Missoula's a Natural for Outdoor Activities

By Leanne Libby on July 20, 2011 at 2:32 pm EST
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Located three hours south of Glacier National Park and less than four hours west of Yellowstone National Park, Missoula is a natural playground beckoning children of all ages. In addition to Mother Nature’s bounty, area leaders have ensured Missoula offers plenty of recreational opportunities for residents and visitors. Splash Montana, with its new, 50-meter pool for example, offers three-story water slides, a lazy river and floating play structures. In cooler months, swimmers seek fun at Splash’s sister offering, the indoor Currents Aquatic Center. Cycling opportunities abound in and around the Missoula area, including the family-friendly Clark Fork Riverfront Trail, a downtown venue shared with pedestrians. The area’s green initiative encourages commuting via two wheels rather than four with 200 bike racks and new and improved bike paths.

On the water

With 200 rivers and streams for fishing, Missoula is ready for novice and dyed-in-the-bait anglers who can choose from wetting a line in roadside waters or making the commitment to a multi-day outing. Just look out for screams of joy when more active waters are populated by those seeking the exhilaration of river rafting. Glacier National Park gives hikers and backpackers the opportunity to stand on the continental divide. The renowned park and others in the region showcase the bountiful wildlife, lakes and tranquility nestled in the area’s extensive trail system.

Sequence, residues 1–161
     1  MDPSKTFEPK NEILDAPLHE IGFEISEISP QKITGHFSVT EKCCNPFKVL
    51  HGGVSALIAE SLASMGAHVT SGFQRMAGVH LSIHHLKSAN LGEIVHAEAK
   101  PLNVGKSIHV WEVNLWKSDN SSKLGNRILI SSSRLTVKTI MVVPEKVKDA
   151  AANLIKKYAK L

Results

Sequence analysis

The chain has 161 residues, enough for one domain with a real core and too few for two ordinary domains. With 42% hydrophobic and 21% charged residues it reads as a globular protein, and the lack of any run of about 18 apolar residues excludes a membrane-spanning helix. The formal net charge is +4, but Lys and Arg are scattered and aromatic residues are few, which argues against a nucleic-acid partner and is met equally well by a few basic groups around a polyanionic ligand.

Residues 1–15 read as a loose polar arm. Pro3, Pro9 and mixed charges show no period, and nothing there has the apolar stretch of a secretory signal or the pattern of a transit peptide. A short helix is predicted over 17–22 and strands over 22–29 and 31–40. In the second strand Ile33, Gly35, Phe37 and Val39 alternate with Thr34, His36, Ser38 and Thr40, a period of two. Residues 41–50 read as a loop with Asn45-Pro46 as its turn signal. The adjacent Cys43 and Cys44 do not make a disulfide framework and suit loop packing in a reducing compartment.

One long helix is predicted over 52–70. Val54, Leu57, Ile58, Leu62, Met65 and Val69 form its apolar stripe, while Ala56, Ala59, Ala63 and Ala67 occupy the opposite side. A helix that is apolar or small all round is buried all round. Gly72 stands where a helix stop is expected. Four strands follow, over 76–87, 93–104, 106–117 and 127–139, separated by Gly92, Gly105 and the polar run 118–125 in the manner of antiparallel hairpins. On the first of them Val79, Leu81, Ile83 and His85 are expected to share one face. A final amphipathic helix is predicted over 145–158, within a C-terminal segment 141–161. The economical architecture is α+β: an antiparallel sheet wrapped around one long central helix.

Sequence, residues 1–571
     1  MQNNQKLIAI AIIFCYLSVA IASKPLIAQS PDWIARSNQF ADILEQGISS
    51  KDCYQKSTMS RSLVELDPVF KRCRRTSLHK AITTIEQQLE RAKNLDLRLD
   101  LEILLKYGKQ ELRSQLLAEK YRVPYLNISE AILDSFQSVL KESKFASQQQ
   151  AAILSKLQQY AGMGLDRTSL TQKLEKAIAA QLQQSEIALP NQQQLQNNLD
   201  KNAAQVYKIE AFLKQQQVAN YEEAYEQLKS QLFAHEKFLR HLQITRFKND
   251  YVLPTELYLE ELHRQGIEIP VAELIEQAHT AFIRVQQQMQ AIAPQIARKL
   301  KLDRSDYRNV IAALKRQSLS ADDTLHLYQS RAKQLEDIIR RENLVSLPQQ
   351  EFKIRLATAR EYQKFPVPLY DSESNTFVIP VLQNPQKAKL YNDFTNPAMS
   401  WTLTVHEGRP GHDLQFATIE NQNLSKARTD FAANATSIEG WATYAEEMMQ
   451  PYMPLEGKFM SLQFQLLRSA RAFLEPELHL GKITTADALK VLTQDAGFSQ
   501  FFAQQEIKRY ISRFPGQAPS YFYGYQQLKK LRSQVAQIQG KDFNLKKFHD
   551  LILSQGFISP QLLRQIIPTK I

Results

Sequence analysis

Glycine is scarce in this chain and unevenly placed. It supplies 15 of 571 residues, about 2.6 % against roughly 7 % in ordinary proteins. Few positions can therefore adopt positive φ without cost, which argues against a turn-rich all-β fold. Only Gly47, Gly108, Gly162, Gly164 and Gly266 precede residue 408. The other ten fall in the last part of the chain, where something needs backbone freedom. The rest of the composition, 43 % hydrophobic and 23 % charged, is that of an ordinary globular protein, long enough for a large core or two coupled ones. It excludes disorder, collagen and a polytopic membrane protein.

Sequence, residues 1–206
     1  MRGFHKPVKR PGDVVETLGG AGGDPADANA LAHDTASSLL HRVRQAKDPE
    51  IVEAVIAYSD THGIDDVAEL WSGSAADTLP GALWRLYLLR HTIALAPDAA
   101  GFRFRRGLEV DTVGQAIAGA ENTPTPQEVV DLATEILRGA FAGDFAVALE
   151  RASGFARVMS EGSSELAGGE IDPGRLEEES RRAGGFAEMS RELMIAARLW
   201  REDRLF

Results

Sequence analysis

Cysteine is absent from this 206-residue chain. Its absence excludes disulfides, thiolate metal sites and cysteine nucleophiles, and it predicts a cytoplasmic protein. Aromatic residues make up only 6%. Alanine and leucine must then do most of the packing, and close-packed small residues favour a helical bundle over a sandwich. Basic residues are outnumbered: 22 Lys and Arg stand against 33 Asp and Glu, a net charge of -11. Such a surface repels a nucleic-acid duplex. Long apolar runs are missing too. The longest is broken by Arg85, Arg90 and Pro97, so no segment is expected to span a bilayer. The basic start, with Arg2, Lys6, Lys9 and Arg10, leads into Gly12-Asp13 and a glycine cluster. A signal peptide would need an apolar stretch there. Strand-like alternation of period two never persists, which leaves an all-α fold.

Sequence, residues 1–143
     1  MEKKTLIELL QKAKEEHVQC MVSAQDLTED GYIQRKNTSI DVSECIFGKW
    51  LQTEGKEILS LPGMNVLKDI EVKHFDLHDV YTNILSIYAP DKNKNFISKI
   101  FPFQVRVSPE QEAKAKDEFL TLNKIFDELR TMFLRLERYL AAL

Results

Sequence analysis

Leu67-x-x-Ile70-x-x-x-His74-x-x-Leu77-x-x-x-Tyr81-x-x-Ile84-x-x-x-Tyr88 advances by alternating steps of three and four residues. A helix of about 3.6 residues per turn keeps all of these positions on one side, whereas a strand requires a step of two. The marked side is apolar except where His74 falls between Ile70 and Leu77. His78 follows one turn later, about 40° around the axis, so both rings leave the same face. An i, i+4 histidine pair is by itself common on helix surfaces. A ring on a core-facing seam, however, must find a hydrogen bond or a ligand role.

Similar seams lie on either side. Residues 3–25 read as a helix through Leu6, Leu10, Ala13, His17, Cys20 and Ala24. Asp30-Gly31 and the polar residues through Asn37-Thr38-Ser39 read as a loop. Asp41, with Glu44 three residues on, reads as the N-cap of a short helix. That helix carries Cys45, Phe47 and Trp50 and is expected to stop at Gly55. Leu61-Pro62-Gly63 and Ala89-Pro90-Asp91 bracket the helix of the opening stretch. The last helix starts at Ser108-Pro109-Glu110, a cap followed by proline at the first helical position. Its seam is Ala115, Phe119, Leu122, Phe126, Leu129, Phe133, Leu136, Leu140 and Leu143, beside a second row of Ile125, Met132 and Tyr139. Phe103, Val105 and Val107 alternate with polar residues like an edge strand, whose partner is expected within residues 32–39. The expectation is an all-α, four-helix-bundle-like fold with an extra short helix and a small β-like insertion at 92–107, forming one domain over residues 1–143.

Winter Sports

When summer gives way to snow, skiers head for the Montana Snowbowl, built on two peaks with 2,600 feet of adventure. With 700 acres of extreme skiing, daredevils find plenty of thrills while the other side of the bowl offers family-friendly slopes. Winter sports also include cross-country skiing and snowmobiling in an area boasting some of America’s longest snowmobiling trails. Even the experienced outdoor enthusiast might feel a twinge or two after all this activity. Missoula offers just the remedy in the form of a soak in the Lolo Hot Springs, the same waters that soothed American Indians and, later, members of the Lewis and Clark Expedition.

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